Location: Oregon Territory

Treaty of June 9, 1855

Articles of agreement and convention made and concluded at the treaty-ground, Camp Stevens, in the Wall-Walla Valley, this ninth day of June, in the year one thousand eight hundred and fifty-five, by and between Isaac I. Stevens, governor and superintendent of Indian affairs for the Territory of Washington, and Joel Palmer, superintendent of Indian affairs for Oregon Territory, on the part of the United States, and the undersigned chiefs, head-men, and delegates of the Walla-Wallas, Cayuses, and Umatilla tribes and bands of Indians, occupying lands partly in Washington and partly in Oregon Territories, and who, for the purposes of this treaty, are to be regarded as one nation acting for and in behalf of their respective bands and tribes, they being duly authorized thereto; it being understood that Superintendent I. I. Stevens assumes to treat with that portion of the above-named bands and tribes residing within the Territory of Washington, and Superintendent Palmer with those residing within Oregon. Article 1. The above-named confederated bands of Indians cede to the United States all their right, title, and claim to all and every part of the country claimed by them included in the following boundaries, to wit: Commencing at the mouth of the Tocannon River, in Washington Territory, running thence up said river to its source; thence easterly along the summit of the Blue Mountains, and on the southern boundaries of...

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Treaty of November 15, 1865

Articles of agreement and convention entered into at the Warm Springs Agency, Oregon, by J. W. Perit Huntington, sup’t Indian affairs for Oregon, on behalf of the United States, and the undersigned, chiefs and head-men of the confederated tribes and bands of Middle Oregon, the same being amendatory of and supplemental to the treaty negotiated with the aforesaid tribes on the twenty-fifth day of June, eighteen hundred and fifty-five, and ratified by the Senate of the United States on the eighteenth day of April, eighteen hundred and fifty-nine. Article 1. It having become evident from experience that the provision of article 1 of the treaty of the twenty-fifth of June, A. D. eighteen hundred and fifty-five, which permits said confederated tribes to fish, hunt, gather berries and roots, pasture stock, and erect houses on lands outside the reservation, and which have been ceded to the United States, is often abused by the Indians to the extent of continuously residing away from the reservation, and is detrimental to the interests of both Indians and whites; therefore it is hereby stipulated and agreed that all the rights enumerated in the third proviso of the first section of the before-mentioned treaty of the twenty-fifth of June, eighteen hundred and fifty-fiveā€”that is to say, the right to take fish, erect houses, hunt game, gather roots and berries, and pasture animals upon lands without...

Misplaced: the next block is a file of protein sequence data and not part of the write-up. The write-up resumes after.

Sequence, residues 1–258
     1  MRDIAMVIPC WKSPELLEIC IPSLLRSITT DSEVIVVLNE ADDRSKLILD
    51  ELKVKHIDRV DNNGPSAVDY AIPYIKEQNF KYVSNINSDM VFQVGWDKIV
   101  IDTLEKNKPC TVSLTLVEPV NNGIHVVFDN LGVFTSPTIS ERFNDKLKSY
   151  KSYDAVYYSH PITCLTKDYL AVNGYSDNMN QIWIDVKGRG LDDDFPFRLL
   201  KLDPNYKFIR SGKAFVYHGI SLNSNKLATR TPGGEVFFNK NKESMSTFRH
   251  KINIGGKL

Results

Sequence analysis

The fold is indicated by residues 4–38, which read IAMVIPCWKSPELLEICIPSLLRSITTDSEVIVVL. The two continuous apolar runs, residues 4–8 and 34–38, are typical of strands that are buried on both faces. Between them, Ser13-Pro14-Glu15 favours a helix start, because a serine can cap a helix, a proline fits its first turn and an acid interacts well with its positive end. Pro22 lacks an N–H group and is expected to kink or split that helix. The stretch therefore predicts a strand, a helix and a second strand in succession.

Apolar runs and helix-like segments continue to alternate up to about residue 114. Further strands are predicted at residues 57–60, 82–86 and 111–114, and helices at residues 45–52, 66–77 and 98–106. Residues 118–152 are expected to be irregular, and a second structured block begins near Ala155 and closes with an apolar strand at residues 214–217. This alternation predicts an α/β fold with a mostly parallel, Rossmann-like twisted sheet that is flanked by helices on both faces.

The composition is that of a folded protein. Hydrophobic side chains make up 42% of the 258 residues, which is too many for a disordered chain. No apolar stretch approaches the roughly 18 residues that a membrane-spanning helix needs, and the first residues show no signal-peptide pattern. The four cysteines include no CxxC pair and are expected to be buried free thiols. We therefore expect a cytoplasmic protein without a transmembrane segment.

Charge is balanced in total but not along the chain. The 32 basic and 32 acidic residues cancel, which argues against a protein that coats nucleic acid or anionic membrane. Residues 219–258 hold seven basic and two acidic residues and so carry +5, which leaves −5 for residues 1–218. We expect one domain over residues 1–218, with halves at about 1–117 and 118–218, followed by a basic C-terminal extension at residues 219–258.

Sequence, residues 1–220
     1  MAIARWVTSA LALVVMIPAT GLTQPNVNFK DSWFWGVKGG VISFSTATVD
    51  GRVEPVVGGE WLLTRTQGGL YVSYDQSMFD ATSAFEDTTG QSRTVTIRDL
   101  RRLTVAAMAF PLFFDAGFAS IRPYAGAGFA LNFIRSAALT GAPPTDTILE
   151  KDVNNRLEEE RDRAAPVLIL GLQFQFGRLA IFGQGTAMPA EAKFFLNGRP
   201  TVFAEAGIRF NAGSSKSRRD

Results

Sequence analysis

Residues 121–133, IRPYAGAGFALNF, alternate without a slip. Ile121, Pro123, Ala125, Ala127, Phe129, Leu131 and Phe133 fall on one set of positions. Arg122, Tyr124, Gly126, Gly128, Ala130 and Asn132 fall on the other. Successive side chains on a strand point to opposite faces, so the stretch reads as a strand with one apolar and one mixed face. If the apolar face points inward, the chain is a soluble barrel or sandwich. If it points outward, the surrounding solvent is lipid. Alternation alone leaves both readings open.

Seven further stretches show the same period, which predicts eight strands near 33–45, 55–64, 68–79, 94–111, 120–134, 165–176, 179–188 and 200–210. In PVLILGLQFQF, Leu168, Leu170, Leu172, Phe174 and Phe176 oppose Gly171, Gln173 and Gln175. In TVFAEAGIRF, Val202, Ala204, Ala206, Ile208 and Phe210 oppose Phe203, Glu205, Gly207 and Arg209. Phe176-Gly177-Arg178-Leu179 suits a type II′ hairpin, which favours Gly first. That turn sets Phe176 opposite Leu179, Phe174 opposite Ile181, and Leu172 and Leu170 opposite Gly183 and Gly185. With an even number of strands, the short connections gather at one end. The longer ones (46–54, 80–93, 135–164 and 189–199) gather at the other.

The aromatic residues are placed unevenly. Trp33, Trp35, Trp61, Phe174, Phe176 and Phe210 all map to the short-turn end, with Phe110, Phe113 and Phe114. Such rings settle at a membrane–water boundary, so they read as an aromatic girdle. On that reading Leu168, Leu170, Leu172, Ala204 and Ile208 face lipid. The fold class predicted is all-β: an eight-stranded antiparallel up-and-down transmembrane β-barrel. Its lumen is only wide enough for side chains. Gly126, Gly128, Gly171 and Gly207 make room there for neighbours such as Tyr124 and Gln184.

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Treaty of June 25, 1855

Articles of agreement and convention made and concluded at Wasco, near the Dalles of the Columbia River, in Oregon Territory, by Joel Palmer, superintendent of Indian affairs, on the part of the United States, and the following-named chiefs and head-men of the confederated tribes and bands of Indians, residing in Middle Oregon, they being duly authorized thereto by their respective bands, to wit: Symtustus, Locks-quis-sa, Shick-a-me, and Kuck-up, chiefs of the Taih or Upper De Chutes band of Walla – Wallas; Stocket-ly and Iso, chiefs of the Wyam or Lower De Chutes band of Walla – Wallas; Alexis and Talkish, chiefs of the Tenino band of Walla – Wallas; Yise, chief of the Dock-Spus or John Day’s River band of Walla-Wallas; Mark, William Chenook, and Cush-Kella, chiefs of the Dalles band of the Wascoes; Toh-simph, chief of the Ki-gal-twal-la band of Wascoes; and Wal-la-chin, chief of the Dog River band of Wascoes. Article 1. The above-named confederated bands of Indians cede to the United States all their right, title, and claim to all and every part of the country claimed by them, included in the following boundaries, to wit: Commencing in the middle of the Columbia River, at the Cascade Falls, and running thence southerly to the summit of the Cascade Mountains; thence along said summit to the forty-fourth parallel of north latitude; thence east on that parallel to...